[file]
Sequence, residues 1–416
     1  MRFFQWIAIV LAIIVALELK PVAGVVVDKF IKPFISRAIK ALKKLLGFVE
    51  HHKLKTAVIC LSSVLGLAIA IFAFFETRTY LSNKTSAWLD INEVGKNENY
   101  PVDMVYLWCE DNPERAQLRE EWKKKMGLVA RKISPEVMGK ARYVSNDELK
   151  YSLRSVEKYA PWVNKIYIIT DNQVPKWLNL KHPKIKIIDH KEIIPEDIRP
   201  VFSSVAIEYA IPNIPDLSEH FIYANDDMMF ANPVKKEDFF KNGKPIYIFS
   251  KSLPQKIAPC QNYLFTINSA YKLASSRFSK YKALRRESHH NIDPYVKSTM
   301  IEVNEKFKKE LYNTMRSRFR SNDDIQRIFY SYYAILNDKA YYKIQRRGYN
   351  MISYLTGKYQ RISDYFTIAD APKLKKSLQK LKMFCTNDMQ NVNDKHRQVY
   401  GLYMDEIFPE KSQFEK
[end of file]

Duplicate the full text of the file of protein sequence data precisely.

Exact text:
Sequence, residues 1–416
     1  MRFFQWIAIV LAIIVALELK PVAGVVVDKF IKPFISRAIK ALKKLLGFVE
    51  HHKLKTAVIC LSSVLGLAIA IFAFFETRTY LSNKTSAWLD INEVGKNENY
   101  PVDMVYLWCE DNPERAQLRE EWKKKMGLVA RKISPEVMGK ARYVSNDELK
   151  YSLRSVEKYA PWVNKIYIIT DNQVPKWLNL KHPKIKIIDH KEIIPEDIRP
   201  VFSSVAIEYA IPNIPDLSEH FIYANDDMMF ANPVKKEDFF KNGKPIYIFS
   251  KSLPQKIAPC QNYLFTINSA YKLASSRFSK YKALRRESHH NIDPYVKSTM
   301  IEVNEKFKKE LYNTMRSRFR SNDDIQRIFY SYYAILNDKA YYKIQRRGYN
   351  MISYLTGKYQ RISDYFTIAD APKLKKSLQK LKMFCTNDMQ NVNDKHRQVY
   401  GLYMDEIFPE KSQFEK